2. Holding Duration. Stocks are good investments for long-term time frames. A 10-year or longer time horizon is often considered long.

3. Contribution Limit. Maximum contribution limits apply to several custodial accounts. The maximum contribution to a Coverdell ESA is $2,000 per calendar year, for example.

Contribution limits for custodial IRAs are $6,000 per year or 100% of the child's income or salary, whichever is lower. UGMA/UTMA accounts and 529 plans, on the other hand, have no contribution restrictions.

4. Custodial Roth vs. Custodial IRA. The child must have earned income or compensation during the year of contribution to be eligible for these IRAs.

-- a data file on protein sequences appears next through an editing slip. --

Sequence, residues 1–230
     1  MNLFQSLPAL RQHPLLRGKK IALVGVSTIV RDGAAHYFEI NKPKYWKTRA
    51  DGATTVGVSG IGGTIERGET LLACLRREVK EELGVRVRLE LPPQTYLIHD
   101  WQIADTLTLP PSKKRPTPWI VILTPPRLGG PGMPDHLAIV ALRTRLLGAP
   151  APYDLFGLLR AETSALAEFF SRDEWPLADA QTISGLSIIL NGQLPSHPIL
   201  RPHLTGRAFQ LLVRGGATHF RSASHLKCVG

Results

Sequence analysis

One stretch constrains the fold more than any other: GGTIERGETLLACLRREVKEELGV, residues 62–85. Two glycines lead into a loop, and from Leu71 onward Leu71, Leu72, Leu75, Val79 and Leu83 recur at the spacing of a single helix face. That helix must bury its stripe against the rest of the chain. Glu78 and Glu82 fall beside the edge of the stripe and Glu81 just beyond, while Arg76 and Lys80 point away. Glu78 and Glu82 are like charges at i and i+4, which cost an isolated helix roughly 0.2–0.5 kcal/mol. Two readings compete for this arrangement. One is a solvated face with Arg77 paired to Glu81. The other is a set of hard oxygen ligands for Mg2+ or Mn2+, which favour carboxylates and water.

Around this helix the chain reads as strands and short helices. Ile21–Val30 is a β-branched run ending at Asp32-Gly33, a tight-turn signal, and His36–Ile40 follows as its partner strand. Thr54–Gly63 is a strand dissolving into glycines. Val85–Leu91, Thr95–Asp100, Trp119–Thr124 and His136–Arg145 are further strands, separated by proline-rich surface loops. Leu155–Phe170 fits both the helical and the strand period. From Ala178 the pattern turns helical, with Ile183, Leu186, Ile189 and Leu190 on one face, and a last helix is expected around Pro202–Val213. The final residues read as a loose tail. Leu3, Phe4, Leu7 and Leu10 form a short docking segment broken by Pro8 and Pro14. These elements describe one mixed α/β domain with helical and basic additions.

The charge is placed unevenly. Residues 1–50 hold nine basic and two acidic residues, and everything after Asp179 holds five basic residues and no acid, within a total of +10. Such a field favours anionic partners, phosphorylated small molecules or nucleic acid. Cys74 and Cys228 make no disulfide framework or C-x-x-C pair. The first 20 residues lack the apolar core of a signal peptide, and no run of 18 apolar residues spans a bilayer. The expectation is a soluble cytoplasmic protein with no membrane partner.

Custodial Roth IRAs are excellent for children if their income tax rate at the time of deposit is lower than it will be at the time of withdrawal.

5. Tax advantages. Minors can use education savings accounts (ESAs) like the Coverdell ESA and the 529 plan to save money for certain eligible educational costs.

They both grow tax-free. Traditional IRA contributions are tax-deductible, and withdrawals are taxable, whereas Roth IRA contributions are after-tax, and withdrawals are tax-free.

Investment earnings in UGMA and UTMA brokerage accounts are taxed at the child's income tax rate.


Because children under the age of 18 are not permitted to open a brokerage account in the United States, they will be unable to invest in stocks without the assistance of an adult. Children can start investing at a young age so they don't have to look for jobs that they don't like in the future.

An adult can open an investing account for children on their behalf.